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Sangakkara recalls an incident when coach snatched the ball out of Muralitharan’s hands

Sangakkara recalls an incident when coach snatched the ball out of Muralitharan’s hands

Former Sri Lanka captain Kumar Sangakkara has been one of the important batsmen in his heydays. In fact, he was one of the vital cogs of Sri Lankan cricket history. The former southpaw scored 12,400 runs in Tests, 14,234 runs in ODIs and 1382 runs in T20Is respectively.

The former captain also scored 38 centuries and 52 half-centuries in Tests, 25 hundreds and 93 fifties in ODIs and 8 fifties in T20Is. Sangakkara is widely recognised as one of the greatest batsmen in the history of the sport.

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The former wicketkeeper-batsman announced his retirement from all forms of cricket in 2015. Currently, the 43-year-old is working with Rajasthan Royals as the Director of Cricket Operations.

Meanwhile, the Sri Lankan legend recalled an interesting incident regarding Sri Lankan bowling great Muttiah Muralitharan. The former wicketkeeper disclosed how the off-spinner used to practice spot-bowling for so many hours that the coach had to forcefully snatch the ball out of Muralitharan’s hands.

“Murali used to come every day to training, and he bowled few minutes at the stumps as spot bowling, then he continued bowling in the nets at all the batsmen, then he would finish off with some more spot bowling, and this was a couple of hours non-stop bowling. It came to a stage where the coach really had to tell him to stop and had to forcefully take the ball away from him. And I used to watch him, a guy who has taken 600 wickets, what is he still doing, bowling this much?” Kumar Sangakkara said.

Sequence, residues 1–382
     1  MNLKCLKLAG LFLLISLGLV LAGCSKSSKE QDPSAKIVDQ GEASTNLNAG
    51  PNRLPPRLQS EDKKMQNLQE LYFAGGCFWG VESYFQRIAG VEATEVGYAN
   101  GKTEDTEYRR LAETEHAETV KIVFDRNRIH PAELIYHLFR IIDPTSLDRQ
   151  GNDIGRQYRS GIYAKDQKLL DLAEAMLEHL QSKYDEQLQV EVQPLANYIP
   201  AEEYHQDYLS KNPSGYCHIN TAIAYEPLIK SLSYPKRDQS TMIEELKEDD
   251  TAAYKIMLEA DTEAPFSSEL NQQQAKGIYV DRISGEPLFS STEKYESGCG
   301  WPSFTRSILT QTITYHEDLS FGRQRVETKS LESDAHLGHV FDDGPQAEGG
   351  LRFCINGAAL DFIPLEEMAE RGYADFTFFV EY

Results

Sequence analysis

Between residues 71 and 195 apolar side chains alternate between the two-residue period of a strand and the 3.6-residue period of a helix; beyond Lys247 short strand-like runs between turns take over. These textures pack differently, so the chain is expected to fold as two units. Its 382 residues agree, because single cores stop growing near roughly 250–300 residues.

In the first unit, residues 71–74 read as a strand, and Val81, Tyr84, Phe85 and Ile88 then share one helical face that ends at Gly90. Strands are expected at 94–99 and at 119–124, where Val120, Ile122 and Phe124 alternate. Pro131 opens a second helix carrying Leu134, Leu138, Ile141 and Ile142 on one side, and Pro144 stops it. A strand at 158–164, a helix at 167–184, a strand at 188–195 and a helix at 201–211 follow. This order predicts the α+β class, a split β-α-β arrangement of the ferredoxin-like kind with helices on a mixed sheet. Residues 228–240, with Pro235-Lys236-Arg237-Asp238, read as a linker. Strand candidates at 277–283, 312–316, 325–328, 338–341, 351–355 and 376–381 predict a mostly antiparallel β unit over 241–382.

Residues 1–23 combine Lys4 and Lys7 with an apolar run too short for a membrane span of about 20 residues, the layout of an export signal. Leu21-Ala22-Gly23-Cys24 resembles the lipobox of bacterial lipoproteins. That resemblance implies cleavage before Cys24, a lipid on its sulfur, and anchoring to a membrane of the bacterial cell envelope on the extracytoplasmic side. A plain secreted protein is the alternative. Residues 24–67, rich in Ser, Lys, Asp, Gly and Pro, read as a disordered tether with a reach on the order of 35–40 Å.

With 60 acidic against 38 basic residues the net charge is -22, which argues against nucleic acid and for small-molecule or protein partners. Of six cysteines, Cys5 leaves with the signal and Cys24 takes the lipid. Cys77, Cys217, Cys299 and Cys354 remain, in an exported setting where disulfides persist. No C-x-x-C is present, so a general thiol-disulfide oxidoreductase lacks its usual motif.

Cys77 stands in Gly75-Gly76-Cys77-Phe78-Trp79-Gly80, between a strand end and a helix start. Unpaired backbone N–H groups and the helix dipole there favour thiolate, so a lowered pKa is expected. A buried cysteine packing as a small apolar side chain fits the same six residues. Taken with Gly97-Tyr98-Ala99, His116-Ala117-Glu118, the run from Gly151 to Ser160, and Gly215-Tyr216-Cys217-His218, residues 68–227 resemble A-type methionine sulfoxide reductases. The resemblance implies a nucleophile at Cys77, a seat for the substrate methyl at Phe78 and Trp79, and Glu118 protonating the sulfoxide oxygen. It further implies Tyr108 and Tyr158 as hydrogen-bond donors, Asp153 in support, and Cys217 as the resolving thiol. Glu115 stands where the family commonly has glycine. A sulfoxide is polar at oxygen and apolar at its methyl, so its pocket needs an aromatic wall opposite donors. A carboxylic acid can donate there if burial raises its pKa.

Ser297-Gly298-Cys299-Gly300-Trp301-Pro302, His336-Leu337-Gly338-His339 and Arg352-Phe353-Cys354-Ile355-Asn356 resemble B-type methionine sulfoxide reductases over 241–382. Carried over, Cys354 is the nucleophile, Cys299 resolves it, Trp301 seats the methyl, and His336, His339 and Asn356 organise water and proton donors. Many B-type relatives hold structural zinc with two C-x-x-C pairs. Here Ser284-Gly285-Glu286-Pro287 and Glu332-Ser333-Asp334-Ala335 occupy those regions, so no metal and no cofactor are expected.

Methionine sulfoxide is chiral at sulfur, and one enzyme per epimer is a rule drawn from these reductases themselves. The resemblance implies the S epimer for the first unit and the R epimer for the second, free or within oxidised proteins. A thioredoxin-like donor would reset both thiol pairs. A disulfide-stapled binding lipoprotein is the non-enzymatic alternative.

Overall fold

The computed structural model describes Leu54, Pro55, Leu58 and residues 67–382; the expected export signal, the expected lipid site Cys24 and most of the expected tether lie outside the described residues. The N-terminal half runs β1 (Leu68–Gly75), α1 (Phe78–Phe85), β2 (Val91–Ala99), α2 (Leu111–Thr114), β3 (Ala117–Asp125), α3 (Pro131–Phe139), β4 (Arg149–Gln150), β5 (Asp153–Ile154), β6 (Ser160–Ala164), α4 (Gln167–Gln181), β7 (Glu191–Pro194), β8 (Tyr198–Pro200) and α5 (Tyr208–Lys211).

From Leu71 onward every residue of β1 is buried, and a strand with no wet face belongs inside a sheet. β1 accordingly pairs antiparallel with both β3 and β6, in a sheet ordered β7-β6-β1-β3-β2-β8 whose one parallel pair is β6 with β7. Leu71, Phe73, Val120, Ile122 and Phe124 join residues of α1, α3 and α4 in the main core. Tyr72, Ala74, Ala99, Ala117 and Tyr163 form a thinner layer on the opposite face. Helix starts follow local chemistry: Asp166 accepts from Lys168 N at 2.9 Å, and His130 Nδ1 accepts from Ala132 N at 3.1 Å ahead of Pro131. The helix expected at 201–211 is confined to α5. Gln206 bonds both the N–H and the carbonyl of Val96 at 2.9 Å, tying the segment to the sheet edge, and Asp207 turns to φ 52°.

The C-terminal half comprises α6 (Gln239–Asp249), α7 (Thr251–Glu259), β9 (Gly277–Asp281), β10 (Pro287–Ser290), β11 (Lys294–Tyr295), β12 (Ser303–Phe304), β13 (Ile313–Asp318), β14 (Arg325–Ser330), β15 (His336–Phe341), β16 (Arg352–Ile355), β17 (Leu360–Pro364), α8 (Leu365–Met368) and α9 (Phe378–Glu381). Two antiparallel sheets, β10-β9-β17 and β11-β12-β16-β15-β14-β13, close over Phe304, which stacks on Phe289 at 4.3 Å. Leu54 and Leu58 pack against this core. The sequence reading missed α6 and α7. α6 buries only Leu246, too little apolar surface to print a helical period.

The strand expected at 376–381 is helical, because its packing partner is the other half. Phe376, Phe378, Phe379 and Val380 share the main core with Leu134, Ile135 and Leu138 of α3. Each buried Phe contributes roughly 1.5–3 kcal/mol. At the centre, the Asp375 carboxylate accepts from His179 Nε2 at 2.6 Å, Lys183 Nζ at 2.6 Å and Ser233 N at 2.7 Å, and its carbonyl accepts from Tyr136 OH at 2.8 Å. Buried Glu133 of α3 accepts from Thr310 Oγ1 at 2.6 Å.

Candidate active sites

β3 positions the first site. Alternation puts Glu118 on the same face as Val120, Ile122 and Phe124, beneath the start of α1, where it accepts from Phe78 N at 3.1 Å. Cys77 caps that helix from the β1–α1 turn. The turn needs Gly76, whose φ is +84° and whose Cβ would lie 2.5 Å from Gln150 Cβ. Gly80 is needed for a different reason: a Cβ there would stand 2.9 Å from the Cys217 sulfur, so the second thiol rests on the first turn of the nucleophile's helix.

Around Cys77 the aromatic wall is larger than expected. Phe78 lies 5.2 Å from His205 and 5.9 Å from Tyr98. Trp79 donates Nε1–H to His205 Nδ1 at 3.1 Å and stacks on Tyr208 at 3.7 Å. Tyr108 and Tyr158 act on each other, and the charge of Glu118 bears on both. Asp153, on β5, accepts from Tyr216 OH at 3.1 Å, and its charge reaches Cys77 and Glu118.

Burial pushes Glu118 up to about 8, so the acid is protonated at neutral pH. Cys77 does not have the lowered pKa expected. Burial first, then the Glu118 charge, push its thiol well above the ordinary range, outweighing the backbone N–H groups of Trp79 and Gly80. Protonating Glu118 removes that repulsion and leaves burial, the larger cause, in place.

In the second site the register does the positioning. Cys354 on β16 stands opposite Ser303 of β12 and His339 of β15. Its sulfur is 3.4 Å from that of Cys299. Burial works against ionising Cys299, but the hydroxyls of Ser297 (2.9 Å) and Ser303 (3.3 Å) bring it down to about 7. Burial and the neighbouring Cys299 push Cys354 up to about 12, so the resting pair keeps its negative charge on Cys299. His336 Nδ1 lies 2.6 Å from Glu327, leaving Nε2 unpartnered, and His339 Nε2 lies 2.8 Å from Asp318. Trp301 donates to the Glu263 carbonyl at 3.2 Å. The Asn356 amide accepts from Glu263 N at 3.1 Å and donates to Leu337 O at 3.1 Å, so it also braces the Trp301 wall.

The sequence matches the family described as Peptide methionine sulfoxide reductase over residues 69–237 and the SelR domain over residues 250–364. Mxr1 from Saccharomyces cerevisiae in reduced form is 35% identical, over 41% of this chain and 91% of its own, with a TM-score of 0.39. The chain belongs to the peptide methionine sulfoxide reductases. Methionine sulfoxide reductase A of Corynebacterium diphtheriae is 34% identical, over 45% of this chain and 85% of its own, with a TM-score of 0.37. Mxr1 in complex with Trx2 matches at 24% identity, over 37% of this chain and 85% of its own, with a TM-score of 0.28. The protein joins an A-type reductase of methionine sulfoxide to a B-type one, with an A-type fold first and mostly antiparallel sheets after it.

The former Sri Lankan captain also added how Muralitharan gained great confidence by enhancing his muscle memory by bowling constantly.

“So, I went up to him and asked him. Why are you doing this? You have taken so many wickets; you really don’t need to practice this hard. And I still remember to this date the answer that he gave me.

He just simply turned to me and said, ‘Sanga, it doesn’t matter how many wickets I have taken, what’s really important to me is that I continue to bowl and train as hard as I ever did, because with my practice, with my spot bowling at the batsmen, I get into a habit where I know I can go to a match and even if I have my eyes closed, and I am running to bowl a ball, I can pitch the ball exactly where I want to pitch it.’

And he said that was where he got his confidence from, not with his extravagant turn or doosra but that training, that muscle memory, and he said that’s why he is training so hard,” the 43-year-old concluded.

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